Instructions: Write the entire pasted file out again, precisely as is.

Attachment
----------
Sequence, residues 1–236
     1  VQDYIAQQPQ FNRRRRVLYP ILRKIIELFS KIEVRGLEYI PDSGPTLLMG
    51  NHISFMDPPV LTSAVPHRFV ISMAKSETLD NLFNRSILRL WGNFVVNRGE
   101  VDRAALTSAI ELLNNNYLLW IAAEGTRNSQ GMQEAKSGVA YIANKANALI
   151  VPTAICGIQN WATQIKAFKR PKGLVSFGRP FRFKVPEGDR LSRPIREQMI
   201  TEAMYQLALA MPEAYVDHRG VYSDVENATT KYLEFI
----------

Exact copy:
Sequence, residues 1–236
     1  VQDYIAQQPQ FNRRRRVLYP ILRKIIELFS KIEVRGLEYI PDSGPTLLMG
    51  NHISFMDPPV LTSAVPHRFV ISMAKSETLD NLFNRSILRL WGNFVVNRGE
   101  VDRAALTSAI ELLNNNYLLW IAAEGTRNSQ GMQEAKSGVA YIANKANALI
   151  VPTAICGIQN WATQIKAFKR PKGLVSFGRP FRFKVPEGDR LSRPIREQMI
   201  TEAMYQLALA MPEAYVDHRG VYSDVENATT KYLEFI